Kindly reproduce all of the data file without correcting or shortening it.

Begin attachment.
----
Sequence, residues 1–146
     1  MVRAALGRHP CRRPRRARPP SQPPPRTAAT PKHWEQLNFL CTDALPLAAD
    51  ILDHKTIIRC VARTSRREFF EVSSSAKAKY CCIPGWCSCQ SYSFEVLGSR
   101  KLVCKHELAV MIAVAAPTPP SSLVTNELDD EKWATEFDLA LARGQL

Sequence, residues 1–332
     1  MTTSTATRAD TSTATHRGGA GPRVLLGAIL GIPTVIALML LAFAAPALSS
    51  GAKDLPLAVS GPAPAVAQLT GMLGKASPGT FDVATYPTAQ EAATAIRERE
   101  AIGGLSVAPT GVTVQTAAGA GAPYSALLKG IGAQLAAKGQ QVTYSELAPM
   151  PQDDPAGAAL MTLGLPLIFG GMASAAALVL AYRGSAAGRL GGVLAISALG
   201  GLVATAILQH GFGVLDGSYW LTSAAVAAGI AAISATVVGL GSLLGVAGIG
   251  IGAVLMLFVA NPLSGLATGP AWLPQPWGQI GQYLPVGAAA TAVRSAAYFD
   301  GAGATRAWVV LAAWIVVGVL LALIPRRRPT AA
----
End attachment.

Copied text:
Sequence, residues 1–146
     1  MVRAALGRHP CRRPRRARPP SQPPPRTAAT PKHWEQLNFL CTDALPLAAD
    51  ILDHKTIIRC VARTSRREFF EVSSSAKAKY CCIPGWCSCQ SYSFEVLGSR
   101  KLVCKHELAV MIAVAAPTPP SSLVTNELDD EKWATEFDLA LARGQL

Sequence, residues 1–332
     1  MTTSTATRAD TSTATHRGGA GPRVLLGAIL GIPTVIALML LAFAAPALSS
    51  GAKDLPLAVS GPAPAVAQLT GMLGKASPGT FDVATYPTAQ EAATAIRERE
   101  AIGGLSVAPT GVTVQTAAGA GAPYSALLKG IGAQLAAKGQ QVTYSELAPM
   151  PQDDPAGAAL MTLGLPLIFG GMASAAALVL AYRGSAAGRL GGVLAISALG
   201  GLVATAILQH GFGVLDGSYW LTSAAVAAGI AAISATVVGL GSLLGVAGIG
   251  IGAVLMLFVA NPLSGLATGP AWLPQPWGQI GQYLPVGAAA TAVRSAAYFD
   301  GAGATRAWVV LAAWIVVGVL LALIPRRRPT AA